Parallel programming platforms, PRAM models, and optimality

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Dec 1, 2013 (3 years and 8 months ago)

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Introduction to Parallel Computing
Parallel programming platforms,
PRAM models, and optimality
Alexandre David
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Introduction to Parallel Computing
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Motivations
• Bottlenecks in computers:
• Processor
• Memory
• Addressed with multiplicity.
• Parallelization not solution to everything
• Sub-optimal serial code bad:
unreliable & misleading behavior →worse in parallel
context.
• Optimize serial first (similar characteristics)
Bottlenecks of different kinds.
•Processor: less and less, though can be depending on some bad behaviors
(branch miss prediction in large pipelines).
•Memory: more and more considering the speed gap between processor and
memory, the problem being how to feed the processor with data so that it does
not stay idle.
•Datapath: depends on programs and architecture, linked to previous ones.
Motivations for optimizing serial programs and why we talk about implicit
parallelism: Sub-optimal serial code exhibits unreliable and misleading
behaviors. Undesirable effects coming from poor cache utilization, bad branch
prediction, etc …that may become even worse in a parallel context (distribute
data, synchronize, etc …).
Similar characteristics in serial programs with intrinsic parallelism of modern
processors (pipelines). Understanding architecture is the first step to good
programming.
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Example: sorting
• Bubble sort: complexity Θ(n
2
).
1GHz, super-optimized (2 instructions per step),
sort 1000000 in 2000 s.
• Merge sort: complexity Θ(n*log(n)).
100MHz, not optimized (20 instructions per step),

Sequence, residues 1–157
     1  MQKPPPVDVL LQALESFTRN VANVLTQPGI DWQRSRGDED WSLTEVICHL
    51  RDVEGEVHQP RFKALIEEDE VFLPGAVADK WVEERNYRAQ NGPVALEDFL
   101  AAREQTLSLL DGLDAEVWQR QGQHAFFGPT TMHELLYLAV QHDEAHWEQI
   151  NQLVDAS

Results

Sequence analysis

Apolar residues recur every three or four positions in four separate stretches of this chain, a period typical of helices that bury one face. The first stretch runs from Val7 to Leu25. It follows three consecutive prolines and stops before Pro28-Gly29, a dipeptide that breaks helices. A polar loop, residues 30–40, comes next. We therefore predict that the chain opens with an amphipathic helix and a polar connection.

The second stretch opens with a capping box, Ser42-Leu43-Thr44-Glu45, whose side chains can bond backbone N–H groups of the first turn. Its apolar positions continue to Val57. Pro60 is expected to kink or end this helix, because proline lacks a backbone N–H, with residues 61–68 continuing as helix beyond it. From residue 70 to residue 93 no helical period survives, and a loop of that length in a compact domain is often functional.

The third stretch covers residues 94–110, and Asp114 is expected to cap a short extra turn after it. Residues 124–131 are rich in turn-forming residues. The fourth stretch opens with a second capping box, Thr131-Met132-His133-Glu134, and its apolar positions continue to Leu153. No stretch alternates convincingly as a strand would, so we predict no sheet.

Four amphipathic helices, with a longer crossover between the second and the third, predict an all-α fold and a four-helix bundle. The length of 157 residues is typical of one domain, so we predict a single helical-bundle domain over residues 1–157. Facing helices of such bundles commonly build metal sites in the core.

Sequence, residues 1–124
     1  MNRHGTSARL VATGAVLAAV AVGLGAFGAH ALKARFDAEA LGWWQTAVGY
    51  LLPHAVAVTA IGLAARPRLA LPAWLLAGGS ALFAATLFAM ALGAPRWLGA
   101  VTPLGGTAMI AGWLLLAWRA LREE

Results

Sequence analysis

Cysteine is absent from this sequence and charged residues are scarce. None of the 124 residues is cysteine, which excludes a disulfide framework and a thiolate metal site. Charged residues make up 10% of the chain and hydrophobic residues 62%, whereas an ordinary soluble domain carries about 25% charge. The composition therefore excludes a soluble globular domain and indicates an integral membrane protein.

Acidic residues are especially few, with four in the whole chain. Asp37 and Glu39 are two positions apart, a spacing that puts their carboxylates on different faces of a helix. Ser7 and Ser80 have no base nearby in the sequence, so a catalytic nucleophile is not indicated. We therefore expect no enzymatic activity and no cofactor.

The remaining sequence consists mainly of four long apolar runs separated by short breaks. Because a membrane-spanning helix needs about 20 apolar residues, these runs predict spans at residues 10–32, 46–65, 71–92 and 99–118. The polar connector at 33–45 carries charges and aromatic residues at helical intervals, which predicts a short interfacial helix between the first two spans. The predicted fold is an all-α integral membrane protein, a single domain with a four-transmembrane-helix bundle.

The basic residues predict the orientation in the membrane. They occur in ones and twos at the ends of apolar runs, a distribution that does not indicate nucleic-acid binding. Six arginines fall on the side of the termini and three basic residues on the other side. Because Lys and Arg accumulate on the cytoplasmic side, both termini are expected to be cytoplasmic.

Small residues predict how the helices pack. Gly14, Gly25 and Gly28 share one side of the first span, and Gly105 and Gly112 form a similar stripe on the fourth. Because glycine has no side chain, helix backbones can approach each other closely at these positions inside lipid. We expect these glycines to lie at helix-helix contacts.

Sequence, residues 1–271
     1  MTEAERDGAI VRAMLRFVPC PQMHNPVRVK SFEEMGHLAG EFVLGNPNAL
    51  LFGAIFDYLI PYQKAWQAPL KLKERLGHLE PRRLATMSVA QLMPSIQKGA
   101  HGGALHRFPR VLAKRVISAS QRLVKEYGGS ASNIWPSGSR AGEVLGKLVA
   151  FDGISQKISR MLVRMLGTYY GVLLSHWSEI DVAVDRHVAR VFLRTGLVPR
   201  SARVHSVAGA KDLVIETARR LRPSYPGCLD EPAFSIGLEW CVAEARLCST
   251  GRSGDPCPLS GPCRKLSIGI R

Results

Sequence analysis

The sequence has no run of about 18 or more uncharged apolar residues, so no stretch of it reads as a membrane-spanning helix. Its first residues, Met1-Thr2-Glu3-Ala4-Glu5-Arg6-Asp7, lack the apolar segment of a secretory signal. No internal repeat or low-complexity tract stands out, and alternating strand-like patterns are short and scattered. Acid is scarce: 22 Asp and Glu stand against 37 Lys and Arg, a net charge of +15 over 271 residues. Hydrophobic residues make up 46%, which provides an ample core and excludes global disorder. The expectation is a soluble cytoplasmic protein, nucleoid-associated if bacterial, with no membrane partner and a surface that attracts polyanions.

sort in ~4 s.
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Example: matrix multiplication
• Complexity: Θ(n
3
).
• Better algorithms that improve slightly.
• Multiplication by block (same complexity, different
formulation): can be 4x faster.
⇒takes advantage of the cache.

=
=
k
kjikij
cba
CBA *
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Pipelines & superscalar execution
• Pipeline idea: overlap stages in instruction execution.
• Example of car factory.
• The good: higher throughput.
• The bad: penalty of branch miss prediction.
• Superscalar: several execution units can work in parallel:
“x way”.
Overlapping stages: cut instructions in small pieces, one per cycle, and try to
occupy all the stages. But why after all? Not better to have a super powerful
one stage-do-all? Car factory: Imagine a fast factory where it takes 12h to
complete one car. If there is one unit doing all, then it will be busy all the time
and throughput would be 1 car per 12h. How to improve? Buy 11 other full
scale units? Super expensive! Cut the bit unit in 12 smaller parts, 1h per part,
every car needs 12h but throughput is 1 car per hour. 12x faster, cost efficient.
Branch prediction: try to keep the pipeline busy by filling it ahead, but if did it
wrong, then need to flush it (and loose all the computations). P4: 20 stages,
miss prediction means loose 20 cycles.
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Pipelines & superscalar execution
1.load R1,@1000
2.load R2,@1008
3.addR1,@1004
4.addR2,@100C
5.add R1,R2
6.store R1,@2000
c=a+b+c+d
as
c=(a+b)+(c+d)
Compiler
CPU
Instruction cycles
0 2 4 6 8
IF
IF
ID
ID
OF
OF
IF
IF
ID
ID
OF
OF
E
E
IF
ID
NA
E
IF
ID
NA
WB
2x IF, ID, OF, … in the same cycle:
superscalar.
Careful with floats!
Dual issue or two-way superscalar execution.
IF: Instruction Fetch.
ID: Instruction Decode.
OF: Operand Fetch.
E: Instruction Execute.
WB: Write back.
NA: No Action.
Note: begin to execute 6
th
instruction at 4
th
clock cycle.
Data dependency: needs previous results in order to continue computations.
A=(B+C)*D, we need B+C before computing *D.
Resource dependency: needs functional units. A=B*C+C*D+D*E+E*F+F*G,
obviously not all * can be done in parallel because of lack of functional units.
Most processors are capable of out-of-order execution, not Xbox 360.
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Memory limitation
• The memory system is most often the bottleneck.
• Performance captured by
• latency and
• bandwidth.
• Hyper/multi-threading techniques to mask latency but
they need more bandwidth.
• Prefetching also masks latency.
The problem is most often how to feed the processor with continuous data so
that it does not stall.
Latency is the time from the issue of a memory request to the time the data
becomes available to the processor.
Bandwidth is the rate at which data can be pumped to the processor.
Example: water hose. Latency: time before first drop of water comes out.
Bandwidth: rate flow of water.
Prefetching is like fetching the next cache line when possible (hardware
decides), or same effect by reordering instructions (hardware or compiler) to
issue loads long before usage. Works if consecutive words are accessed by